The holidays are supposed to be the most wonderful time of the year. And, yet, regardless of whether families are intact, blended, broken-blended or single-parent families, in reality holidays can bring out a range of intense emotions in people. Here are some tips to make things easier for your family during this holiday season:
Holidays are ripe for miscommunications. Practice sharing only what is kind, necessary and true.
Emphasize values of gratitude, family, giving back and the importance of moderation. Engage your family in such activities as donating toys or food to local causes or serving others in need.
Have realistic expectations. Holidays are not panaceas for disappointments and failures during the rest of the year.
Trust your judgment more than your fear. Try not to give in to your last-minute panic about not having bought “enough” food, gifts, whatever.
Emphasize etiquette as a holiday virtue to be practiced all year long. According to Emily Post, etiquette means “treating people with consideration, respect and honesty and being aware of how your actions affect those around you.”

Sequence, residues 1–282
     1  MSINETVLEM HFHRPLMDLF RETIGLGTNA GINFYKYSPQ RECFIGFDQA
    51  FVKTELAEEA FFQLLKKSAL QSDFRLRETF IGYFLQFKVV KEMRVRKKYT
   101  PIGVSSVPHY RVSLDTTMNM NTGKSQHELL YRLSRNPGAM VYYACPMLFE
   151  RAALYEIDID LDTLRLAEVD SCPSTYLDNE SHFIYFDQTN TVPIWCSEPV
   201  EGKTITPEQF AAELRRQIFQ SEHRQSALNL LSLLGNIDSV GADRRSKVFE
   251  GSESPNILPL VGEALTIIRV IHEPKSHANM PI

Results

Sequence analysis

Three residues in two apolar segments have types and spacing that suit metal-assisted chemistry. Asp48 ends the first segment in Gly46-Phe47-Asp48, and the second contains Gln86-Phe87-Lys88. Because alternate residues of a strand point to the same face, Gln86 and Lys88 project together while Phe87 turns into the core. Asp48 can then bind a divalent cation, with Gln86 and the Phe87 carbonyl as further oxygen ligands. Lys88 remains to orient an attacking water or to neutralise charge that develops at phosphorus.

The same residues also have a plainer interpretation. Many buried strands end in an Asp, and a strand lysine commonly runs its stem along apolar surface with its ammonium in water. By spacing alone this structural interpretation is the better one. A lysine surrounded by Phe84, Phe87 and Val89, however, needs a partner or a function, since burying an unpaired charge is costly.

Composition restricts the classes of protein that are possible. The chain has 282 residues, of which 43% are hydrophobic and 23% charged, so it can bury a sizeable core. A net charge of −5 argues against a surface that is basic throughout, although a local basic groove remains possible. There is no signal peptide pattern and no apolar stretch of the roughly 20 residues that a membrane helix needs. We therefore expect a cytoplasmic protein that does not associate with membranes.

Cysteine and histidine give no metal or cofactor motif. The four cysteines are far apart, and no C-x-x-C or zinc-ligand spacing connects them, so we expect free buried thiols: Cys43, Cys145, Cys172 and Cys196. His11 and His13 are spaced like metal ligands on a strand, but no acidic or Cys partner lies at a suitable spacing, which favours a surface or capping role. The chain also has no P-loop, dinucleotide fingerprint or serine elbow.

Parents as individuals
Stick to your self-care routine.
Don’t take too much on. Just because it’s the holidays does not mean there are suddenly two of you!
Your kids still need quality time, and the good news is that engaging them in holiday projects is quality time. From ages 5 up, there are things kids can do to help; two more, even small, hands can help you.
Intact families and parents
Communicate. Nothing dampens the holidays faster than parents fighting about the expectations that weren’t met. Make time to communicate regarding the decisions and expectations about gifts, decorations, vacation time, meals and extended-family logistics.
Your partner may not have your perspective on the holidays; keep an open mind.